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WITandWISDOM(tm) - October 2, 2001
"The basic difference between being assertive and being aggressive is how our words and behavior affect the rights and well being of others." - Sharon Anthony Bower
Source: Quotes From The Masters, http://MailRoom.DailyInbox.Com/
~~~~~~~ SPECIAL THOUGHTS:
A woman is dying of AIDS. A priest is summoned. He attempts to comfort her, but to no avail.
"I am lost," she said. "I have ruined my life and every life around me. Now I'm going painfully to hell. There is no hope for me."
The priest saw a framed picture of a pretty girl on the dresser. "Who is this?" he asked. The woman brightened. "She is my daughter, the one beautiful thing in my life."
"And would you help her if she was in trouble, or made a mistake? Would you forgive her? Would you still love her?"
"Of course I would!" cried the woman, "I would do anything for her! Why do you ask such a question?"
"Because I want you to know," said the priest, "that God has a picture of you on His dresser."
From: The Jokesmith, Published by Edward C. McManus, 44 Queen's View Road, Marlborough, MA, 01752, 508- 481-0979
Source: Bits & Pieces, May 23, 1996, Copyright (c) Economic Press, Inc., http://www.epinc.com
~~~~~~~ THIS & THAT:
FREEDOM OF INFORMATION Web Site
By Margie Boule
It's gray outside. How about some light reading? Let's see... interested in history? How about detective stories? True crime? Movie star biographies?
How about all of the above rolled into one big, messy, fascinating read?
This is not the kind of cheap, trashy book you can get lost in on a plane flight or at the beach. This is the kind of cheap, trashy read you can find on the United States Department of Justice FBI Freedom of Information Act Web site at a computer near you.
This is the real thing.
The Freedom of Information Act was passed in the 1960s, but early versions excluded investigative files from the list of materials from which U.S. citizens could request copies. That changed in the mid-1970s, when the FOIA was amended and the Privacy Act of 1974 became effective.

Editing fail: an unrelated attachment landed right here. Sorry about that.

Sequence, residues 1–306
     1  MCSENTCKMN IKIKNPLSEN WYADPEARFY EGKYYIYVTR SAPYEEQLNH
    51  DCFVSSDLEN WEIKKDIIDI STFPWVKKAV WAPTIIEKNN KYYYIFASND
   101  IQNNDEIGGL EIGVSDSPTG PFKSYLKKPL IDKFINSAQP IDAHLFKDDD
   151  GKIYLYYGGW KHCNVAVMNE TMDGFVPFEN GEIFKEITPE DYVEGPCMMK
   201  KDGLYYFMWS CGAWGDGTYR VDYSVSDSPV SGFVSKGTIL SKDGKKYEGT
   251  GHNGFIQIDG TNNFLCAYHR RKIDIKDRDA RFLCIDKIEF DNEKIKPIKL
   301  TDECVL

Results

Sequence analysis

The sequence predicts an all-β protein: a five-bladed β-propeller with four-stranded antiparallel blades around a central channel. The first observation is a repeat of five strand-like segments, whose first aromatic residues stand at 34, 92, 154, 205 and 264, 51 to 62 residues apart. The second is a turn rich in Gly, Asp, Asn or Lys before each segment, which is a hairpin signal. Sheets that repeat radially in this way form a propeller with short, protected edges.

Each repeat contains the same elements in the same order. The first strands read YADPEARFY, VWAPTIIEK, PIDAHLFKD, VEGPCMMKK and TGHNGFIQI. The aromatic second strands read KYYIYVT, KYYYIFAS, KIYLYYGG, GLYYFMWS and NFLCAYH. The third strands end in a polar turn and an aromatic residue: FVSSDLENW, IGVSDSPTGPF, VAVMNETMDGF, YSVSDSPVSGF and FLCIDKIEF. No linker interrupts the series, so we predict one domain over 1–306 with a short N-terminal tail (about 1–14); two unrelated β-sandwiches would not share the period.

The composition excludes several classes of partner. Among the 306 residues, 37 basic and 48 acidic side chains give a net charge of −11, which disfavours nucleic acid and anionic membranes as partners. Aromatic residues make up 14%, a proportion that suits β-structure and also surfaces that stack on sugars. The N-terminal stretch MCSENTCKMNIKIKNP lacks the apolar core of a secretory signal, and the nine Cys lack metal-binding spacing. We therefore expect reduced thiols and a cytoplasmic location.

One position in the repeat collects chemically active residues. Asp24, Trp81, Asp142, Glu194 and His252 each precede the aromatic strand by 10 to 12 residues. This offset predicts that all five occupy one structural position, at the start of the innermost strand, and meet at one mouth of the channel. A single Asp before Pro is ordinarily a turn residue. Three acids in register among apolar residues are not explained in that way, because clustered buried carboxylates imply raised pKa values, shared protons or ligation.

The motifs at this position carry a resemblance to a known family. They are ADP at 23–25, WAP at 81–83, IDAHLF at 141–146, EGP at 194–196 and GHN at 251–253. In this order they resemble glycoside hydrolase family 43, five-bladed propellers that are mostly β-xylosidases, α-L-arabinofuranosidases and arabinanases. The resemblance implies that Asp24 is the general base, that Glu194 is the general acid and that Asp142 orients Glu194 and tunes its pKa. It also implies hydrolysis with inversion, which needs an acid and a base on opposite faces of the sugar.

Now anybody could request FBI files, and not just their own.
Since then, more than 6 million pages of FBI documents have been released to the public. And now the FBI has put a number of the most requested files online at http://foia.fbi.gov/foiaindex.htm
There no attractive graphics. These are scans of photocopies of the actual typed memos, telegrams, letters from squealers and old news clippings that made up FBI investigative
files dating back to the beginning of the agency. Many pages are unreadable; others that are legible have been heavily censored by someone with a black marker.
Still, the files available on the site make for fascinating reading.
There are the predictable investigations of mobsters such as Sam M. Giancana (2,781 pages) and Lester Joseph Gillis, aka "Baby Face Nelson" (224 pages), and rumored mob associates such as Frank Albert Sinatra (2,403 pages). Sinatra's file not only has sightings of Sinatra with known mobsters, but it also reveals an FBI investigation into whether Sinatra bribed a doctor to obtain 4-F status during WWII (he didn't, the FBI concluded).
After about a half-hour, you start to feel like you're reading a very badly edited old copy of People magazine.
There are plenty of celebrities' lives to wander through. There are files on Mickey Mantle (who was not investigated but who received threatening letters the FBI looked into) and Jackie Robinson, the first African American to play major league baseball. Robinson was not investigated either, but his involvement with groups such as the NAACP was followed. And how many people remember that Robinson testified before the House Committee on Un-American Activities in 1949 about Communist infiltration of minority rights organizations?
Some celebrities were not suspected of Communist involvement John Wayne's file has copies of pleasant correspondence between the Duke and FBI Director J. Edgar Hoover (whose file is also on the site). Elvis Presley's file has reports about criminals who tried extortion from the King. Marilyn Monroe was already dead by the time the FBI looked into her life; it pursued rumors about her affairs and whether her death was really a suicide.
There are mysteries explored - Amelia Earhart's disappearance and the crash of the Hindenburg.
FREEDOM OF INFORMATION Web Site http://foia.fbi.gov/foiaindex.htm
You can reach Margie Boule at 503-221-8450 or 1320 S.W. Broadway, Portland, OR 97201.
Source: The Oregonian, Copyright (c) August 23, 2001, http://www.oregonian.com/
Submitted by Barbara Henry
~~~~~~~ KEEP SMILING:
A friend was in front of me coming out of church one day, and the preacher was standing at the door as he always is to shake hands. He grabbed my friend by the hand and pulled him aside. Pastor said, "You need to join the Army of the Lord!" My friend said, "I'm already in the Army of the Lord, Pastor." Pastor questioned, "How come I don't see you except at Christmas and Easter?" He whispered back, "I'm in the secret service."
Source: Laugh Works
What is the Mona Lisa missing?
The lady in DaVinci's famous painting has no eyebrows. It was the fashion in Renaissance Florence to shave them off. Interestingly, X-rays of the Mona Lisa show that there are three completely different versions of the same subject, all painted by Leonardo, under the final portrait.
Source: ArcaMax Trivia, http://www.arcamax.com
A picture of Mona Lisa can be view at: